SBIR Phase I: Application of Valid Cuts to Optimization of Process Industry Supply Chain Management

Award Information
Agency: National Science Foundation
Branch: N/A
Contract: 0512856
Agency Tracking Number: 0512856
Amount: $99,972.00
Phase: Phase I
Program: SBIR
Awards Year: 2005
Solicitation Year: N/A
Solicitation Topic Code: N/A
Solicitation Number: N/A
Small Business Information
111 Third Avenue South, Minneapolis, MN, 55401
HUBZone Owned: N
Woman Owned: N
Socially and Economically Disadvantaged: N
Principal Investigator
 Mark Boddy
 (651) 442-4109
Business Contact
 Kyle Nelson
Title: Mr.
Phone: (612) 280-9843
Research Institution
This Small Business Innovation Research (SBIR) Phase I project will accomplish the preliminary analysis required to assess feasibility, define requirements, and determine additional research required in order to apply novel modeling techniques, previously demonstrated to deliver significant improvements in the performance of exact solvers for optimization problems, to applications in the process industries. Specifically, we propose to take methods previously developed at the University of Minnesota for using valid cuts based on echelon inventory constraints in production planning and scheduling models, and to extend those methods to make them applicable to real problems. The extensions to be addressed include expressive extensions (e.g., moving from discrete to continuous inventory constraints, moving to a continuous time model, adding buying and selling of intermediates as part of the solution), as well as solver extensions. The solver extensions are required, first, to scale these techniques up to realistic problem sizes (one of the hallmarks of the echelon constraint modeling approach is that it scales well), and second, to encompass the kinds of constraints required to address the model extensions above. This Small Business Innovation Research Phase I project will have direct commercial impact, through improved economic performance in a multi-hundred-billion dollar sector of the U.S. economy. The results of this work may also be applied in a way that will have societal impact, through the use of improved optimization techniques to minimize the use of scarce resources, or the production of waste material. Scientific understanding will be advanced through the experience gained and lessons learned in applying theoretical constructs to real-world problems in a process that will both test the theory and elicit new theory based on observed phenomena. In addition, Adventium Enterprises, through its a_liate organization, Adventium Labs, has an established internship program, active participation in the University's Institute of Technology undergraduate mentoring program, and a record of collaboration with several academic institutions including joint proposals, presentation at academic colloquia, teaching courses, an exchange of informal presentations with faculty in several academic departments, and extensive participation in the research community, including presenting papers, organizing workshops, and serving on conference program committees. This project continues in the same vein, broadening the exposure of students to industry practices and concerns, and deepening the understanding and links between faculty and industry practitioners.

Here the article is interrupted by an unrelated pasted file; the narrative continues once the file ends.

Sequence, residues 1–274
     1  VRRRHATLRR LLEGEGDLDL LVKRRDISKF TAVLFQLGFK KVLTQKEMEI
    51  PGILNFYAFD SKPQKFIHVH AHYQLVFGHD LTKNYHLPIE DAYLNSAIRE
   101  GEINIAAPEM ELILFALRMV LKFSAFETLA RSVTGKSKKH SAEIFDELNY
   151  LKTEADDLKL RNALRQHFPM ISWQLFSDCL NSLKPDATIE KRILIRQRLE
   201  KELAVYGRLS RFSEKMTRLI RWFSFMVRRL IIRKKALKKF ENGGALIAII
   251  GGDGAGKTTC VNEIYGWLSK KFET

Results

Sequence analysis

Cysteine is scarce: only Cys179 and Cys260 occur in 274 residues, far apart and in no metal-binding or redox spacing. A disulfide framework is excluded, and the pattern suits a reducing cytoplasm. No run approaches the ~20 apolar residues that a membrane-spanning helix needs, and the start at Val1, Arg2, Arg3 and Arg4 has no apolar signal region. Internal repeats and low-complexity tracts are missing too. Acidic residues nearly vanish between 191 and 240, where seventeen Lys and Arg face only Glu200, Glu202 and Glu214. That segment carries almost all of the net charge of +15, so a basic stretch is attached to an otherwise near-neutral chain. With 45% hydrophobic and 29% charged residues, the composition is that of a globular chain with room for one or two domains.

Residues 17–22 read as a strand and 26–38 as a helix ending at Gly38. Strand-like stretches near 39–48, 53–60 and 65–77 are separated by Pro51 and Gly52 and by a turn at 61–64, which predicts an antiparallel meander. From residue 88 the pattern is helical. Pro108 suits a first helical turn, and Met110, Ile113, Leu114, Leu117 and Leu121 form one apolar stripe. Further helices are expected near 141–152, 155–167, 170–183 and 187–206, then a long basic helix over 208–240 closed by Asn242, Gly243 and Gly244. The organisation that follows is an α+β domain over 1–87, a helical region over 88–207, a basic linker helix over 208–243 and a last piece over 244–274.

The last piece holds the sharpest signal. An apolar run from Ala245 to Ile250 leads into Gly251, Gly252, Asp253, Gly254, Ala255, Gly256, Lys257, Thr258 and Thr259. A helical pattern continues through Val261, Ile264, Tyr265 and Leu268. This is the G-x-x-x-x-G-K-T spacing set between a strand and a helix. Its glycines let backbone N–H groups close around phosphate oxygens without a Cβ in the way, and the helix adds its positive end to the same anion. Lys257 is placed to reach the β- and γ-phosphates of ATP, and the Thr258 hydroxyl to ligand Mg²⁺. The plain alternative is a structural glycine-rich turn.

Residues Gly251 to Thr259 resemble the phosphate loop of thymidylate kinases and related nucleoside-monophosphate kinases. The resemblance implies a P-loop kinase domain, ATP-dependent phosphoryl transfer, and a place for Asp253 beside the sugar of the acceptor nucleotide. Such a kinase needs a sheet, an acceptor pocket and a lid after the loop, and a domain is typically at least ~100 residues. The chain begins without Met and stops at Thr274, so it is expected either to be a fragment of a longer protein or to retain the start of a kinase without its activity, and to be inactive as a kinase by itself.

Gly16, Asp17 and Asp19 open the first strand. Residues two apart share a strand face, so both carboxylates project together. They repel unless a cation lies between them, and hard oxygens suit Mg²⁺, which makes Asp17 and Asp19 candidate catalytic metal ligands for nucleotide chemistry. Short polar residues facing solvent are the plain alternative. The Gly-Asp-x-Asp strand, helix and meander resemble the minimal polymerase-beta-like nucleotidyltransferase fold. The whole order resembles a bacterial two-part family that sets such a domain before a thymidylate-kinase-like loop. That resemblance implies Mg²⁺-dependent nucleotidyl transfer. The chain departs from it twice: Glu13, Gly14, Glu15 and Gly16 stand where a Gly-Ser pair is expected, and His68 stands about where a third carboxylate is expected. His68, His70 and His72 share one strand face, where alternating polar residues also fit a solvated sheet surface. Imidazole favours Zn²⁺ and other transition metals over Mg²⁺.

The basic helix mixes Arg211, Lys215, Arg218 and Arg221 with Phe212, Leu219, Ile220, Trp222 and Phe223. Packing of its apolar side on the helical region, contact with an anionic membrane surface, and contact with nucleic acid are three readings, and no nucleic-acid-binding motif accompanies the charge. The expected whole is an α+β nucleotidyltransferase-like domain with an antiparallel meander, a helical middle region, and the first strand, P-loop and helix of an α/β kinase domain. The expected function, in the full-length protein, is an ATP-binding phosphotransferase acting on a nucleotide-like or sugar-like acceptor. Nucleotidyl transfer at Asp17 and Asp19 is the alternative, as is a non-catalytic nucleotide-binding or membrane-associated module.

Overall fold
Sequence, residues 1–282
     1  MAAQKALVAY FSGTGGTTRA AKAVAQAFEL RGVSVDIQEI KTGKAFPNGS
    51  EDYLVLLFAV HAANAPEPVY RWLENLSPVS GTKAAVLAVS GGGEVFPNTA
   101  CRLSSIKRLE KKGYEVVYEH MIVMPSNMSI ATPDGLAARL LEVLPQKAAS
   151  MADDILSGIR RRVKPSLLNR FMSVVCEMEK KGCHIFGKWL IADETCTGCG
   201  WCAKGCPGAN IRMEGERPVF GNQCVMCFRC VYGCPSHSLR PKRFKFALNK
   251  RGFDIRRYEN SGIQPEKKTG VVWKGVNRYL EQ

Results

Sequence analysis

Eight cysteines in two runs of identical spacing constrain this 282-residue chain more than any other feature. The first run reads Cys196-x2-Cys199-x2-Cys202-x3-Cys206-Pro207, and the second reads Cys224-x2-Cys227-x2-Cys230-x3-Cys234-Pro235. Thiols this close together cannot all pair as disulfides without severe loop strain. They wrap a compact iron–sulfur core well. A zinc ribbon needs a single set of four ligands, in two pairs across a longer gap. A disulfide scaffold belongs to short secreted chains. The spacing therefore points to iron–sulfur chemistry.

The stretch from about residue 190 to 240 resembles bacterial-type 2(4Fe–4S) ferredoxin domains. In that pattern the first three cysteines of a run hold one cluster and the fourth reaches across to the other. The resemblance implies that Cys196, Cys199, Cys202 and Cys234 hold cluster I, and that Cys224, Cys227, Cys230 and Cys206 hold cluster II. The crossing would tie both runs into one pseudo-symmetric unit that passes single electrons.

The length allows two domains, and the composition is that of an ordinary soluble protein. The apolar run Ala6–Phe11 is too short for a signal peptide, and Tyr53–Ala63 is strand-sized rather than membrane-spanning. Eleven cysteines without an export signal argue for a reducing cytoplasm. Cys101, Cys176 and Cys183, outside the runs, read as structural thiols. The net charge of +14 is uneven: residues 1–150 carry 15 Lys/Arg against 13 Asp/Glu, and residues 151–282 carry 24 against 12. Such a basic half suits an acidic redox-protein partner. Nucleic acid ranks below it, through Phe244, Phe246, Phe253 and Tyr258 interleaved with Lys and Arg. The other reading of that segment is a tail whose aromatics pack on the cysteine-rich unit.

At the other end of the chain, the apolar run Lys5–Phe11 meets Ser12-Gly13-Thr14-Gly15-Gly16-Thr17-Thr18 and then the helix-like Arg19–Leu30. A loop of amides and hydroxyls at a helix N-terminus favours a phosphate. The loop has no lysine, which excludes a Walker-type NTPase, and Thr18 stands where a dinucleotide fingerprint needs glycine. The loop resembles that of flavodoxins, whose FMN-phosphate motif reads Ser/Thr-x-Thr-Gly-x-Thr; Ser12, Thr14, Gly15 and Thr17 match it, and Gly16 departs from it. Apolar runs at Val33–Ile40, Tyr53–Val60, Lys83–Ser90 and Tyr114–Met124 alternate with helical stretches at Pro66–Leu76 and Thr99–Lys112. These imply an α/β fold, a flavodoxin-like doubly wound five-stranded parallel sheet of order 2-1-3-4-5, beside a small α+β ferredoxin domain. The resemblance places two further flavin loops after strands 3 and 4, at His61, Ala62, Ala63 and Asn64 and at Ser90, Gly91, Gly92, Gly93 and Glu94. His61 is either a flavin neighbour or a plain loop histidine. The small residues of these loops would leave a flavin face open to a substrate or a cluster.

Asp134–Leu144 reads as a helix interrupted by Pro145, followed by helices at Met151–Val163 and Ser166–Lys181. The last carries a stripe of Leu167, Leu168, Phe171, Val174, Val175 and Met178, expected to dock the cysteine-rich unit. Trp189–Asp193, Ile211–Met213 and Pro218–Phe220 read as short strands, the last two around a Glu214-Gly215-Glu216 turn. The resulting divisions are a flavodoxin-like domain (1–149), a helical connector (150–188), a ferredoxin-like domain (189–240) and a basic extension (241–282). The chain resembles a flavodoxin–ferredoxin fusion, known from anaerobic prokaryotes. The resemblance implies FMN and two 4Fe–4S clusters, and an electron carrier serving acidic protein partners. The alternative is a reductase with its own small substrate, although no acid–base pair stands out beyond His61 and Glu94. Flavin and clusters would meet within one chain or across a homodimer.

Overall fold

* Information listed above is at the time of submission. *

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